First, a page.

My first career was in the restaurant industry, managing restaurants and eventually managing theaters and event venues for a large chain of Oregon brewpubs. I had to leave because I drank too much, and I was like a kid in a candy store.
Eventually, I became interested in the substance use recovery field and worked as an addiction counselor and case manager. I wanted to move into the mental health field, and I became a volunteer for Trauma Intervention Programs Northwest (TIP), which dispatches volunteers to 911 scenes to address secondary trauma immediately following an emergency.
I’m good at sitting with people who are experiencing horrible things. It’s always a delicate conversation, but people are more willing to talk after we build some trust.
One thing that’s really important in crisis work is not to skip over the pain someone is going through, but to sit in that moment for as long as it takes for them to feel ready.
I started at Lines for Life in 2005 as a volunteer and answered crisis calls for several years before starting full-time answering the Veterans Crisis Line. From there, I moved into precepting and then into training.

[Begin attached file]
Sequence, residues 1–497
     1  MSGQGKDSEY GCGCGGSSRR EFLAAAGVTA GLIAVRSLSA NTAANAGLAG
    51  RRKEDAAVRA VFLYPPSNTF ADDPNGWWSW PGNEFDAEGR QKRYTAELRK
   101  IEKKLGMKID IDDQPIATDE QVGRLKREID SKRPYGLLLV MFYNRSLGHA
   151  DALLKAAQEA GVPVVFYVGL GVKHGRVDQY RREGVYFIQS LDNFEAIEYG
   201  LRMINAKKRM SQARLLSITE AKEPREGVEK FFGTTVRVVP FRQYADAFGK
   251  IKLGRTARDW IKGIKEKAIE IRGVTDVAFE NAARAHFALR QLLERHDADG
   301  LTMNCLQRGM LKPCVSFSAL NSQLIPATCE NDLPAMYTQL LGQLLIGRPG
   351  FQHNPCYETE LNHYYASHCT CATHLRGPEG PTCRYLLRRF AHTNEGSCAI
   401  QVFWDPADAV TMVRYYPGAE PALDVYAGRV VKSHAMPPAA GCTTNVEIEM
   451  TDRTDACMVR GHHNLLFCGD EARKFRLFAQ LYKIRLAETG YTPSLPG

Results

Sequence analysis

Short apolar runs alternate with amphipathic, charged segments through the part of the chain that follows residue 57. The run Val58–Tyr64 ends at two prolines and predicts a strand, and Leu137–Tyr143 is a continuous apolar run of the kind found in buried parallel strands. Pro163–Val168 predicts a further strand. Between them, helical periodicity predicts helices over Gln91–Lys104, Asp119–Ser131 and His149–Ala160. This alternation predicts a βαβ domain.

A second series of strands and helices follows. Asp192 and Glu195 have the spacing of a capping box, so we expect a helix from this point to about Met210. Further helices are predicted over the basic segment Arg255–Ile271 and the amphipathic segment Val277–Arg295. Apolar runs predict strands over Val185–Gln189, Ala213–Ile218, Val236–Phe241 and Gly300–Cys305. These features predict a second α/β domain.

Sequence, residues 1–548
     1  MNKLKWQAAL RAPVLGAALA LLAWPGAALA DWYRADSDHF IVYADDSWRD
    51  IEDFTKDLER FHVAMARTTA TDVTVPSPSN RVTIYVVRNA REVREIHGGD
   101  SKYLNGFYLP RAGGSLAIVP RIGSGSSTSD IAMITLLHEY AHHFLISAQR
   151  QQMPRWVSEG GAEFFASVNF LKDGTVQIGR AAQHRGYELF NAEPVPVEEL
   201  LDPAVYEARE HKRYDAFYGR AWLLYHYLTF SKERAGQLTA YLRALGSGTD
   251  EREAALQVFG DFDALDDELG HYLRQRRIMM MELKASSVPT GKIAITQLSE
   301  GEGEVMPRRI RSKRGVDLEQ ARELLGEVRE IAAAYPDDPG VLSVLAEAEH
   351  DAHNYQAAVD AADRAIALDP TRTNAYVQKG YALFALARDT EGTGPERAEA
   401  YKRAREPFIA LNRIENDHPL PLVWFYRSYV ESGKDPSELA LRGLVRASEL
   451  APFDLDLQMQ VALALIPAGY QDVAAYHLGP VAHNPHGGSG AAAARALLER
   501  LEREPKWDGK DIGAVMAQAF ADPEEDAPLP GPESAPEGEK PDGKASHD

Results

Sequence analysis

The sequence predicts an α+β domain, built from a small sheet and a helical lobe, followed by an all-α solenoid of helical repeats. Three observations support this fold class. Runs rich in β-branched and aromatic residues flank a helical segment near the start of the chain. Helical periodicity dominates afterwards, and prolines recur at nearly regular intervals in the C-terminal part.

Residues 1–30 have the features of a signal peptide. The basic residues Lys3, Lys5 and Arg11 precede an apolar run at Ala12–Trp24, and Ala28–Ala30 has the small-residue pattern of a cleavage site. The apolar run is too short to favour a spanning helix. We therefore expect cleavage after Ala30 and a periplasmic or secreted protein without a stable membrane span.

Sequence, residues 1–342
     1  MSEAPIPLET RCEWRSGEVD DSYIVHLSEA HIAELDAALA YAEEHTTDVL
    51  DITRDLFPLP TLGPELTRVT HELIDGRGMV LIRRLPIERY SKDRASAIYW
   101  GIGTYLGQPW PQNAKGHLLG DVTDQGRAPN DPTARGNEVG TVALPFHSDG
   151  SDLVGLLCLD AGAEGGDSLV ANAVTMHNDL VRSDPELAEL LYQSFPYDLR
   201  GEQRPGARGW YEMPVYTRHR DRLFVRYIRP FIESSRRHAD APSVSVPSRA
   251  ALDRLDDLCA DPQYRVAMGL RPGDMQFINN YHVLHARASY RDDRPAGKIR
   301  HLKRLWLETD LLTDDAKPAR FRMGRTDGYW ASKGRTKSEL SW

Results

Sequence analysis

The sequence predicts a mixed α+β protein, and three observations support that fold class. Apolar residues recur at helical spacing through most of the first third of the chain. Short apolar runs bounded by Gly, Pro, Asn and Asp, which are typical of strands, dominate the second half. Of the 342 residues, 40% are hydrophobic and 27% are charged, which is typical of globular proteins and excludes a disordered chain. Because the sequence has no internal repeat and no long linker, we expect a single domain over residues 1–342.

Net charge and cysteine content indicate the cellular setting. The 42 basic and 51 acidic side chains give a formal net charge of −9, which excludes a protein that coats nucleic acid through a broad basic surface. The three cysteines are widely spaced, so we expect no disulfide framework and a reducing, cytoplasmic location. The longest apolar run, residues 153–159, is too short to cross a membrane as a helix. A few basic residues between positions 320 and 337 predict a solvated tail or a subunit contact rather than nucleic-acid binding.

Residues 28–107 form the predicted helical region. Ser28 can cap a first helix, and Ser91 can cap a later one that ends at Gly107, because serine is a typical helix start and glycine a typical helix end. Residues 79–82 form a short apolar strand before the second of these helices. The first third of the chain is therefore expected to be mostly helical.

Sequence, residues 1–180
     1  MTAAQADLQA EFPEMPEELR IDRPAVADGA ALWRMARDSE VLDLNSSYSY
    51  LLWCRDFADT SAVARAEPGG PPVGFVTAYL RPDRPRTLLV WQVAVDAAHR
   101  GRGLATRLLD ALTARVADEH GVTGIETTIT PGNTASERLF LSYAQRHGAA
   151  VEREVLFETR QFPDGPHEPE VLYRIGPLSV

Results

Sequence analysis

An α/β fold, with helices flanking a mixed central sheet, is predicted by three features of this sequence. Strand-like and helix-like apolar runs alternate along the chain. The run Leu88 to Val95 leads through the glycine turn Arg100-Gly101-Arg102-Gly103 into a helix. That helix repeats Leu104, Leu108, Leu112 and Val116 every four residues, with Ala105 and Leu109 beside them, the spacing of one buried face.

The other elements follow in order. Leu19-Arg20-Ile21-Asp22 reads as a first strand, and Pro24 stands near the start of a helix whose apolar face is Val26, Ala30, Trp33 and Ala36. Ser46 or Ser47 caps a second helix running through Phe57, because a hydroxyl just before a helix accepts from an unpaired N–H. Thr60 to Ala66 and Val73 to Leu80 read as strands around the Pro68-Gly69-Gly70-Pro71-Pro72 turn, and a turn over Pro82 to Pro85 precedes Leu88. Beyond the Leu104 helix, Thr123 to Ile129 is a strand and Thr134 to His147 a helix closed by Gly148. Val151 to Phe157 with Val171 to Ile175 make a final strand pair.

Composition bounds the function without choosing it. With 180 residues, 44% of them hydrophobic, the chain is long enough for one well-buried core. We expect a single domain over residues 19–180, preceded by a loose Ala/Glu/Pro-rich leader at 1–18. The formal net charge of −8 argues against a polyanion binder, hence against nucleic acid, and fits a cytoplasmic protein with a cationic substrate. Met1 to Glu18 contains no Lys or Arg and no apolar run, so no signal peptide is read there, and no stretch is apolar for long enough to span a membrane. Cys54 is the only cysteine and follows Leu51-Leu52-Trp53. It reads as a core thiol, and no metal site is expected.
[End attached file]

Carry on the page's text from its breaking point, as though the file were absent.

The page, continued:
Now as a Clinical Trainer, I help train and onboard new crisis counselors at Lines for Life. I lead training about the specific needs of Military Service Members and Veterans, and how to support them. I also guide new staff through theories on suicide prevention and we listen to examples of crisis calls together. We talk about the strategies we use at Lines for Life to support people who call on the crisis lines.
Often, when people try to start the conversation and talk to someone about a mental health concern, the person they approach feels inclined to give advice right away or to try to fix the problem, rather than listening and validating the person. Listening nonjudgmentally and validating someone’s feelings can be the beginning of much more positive outcomes.
I teach call counselors to honor that people have the wisdom within themselves to figure things out and feel better about their lives when they’re given a safe space to do so. It’s our job to create that space for people to move toward safety.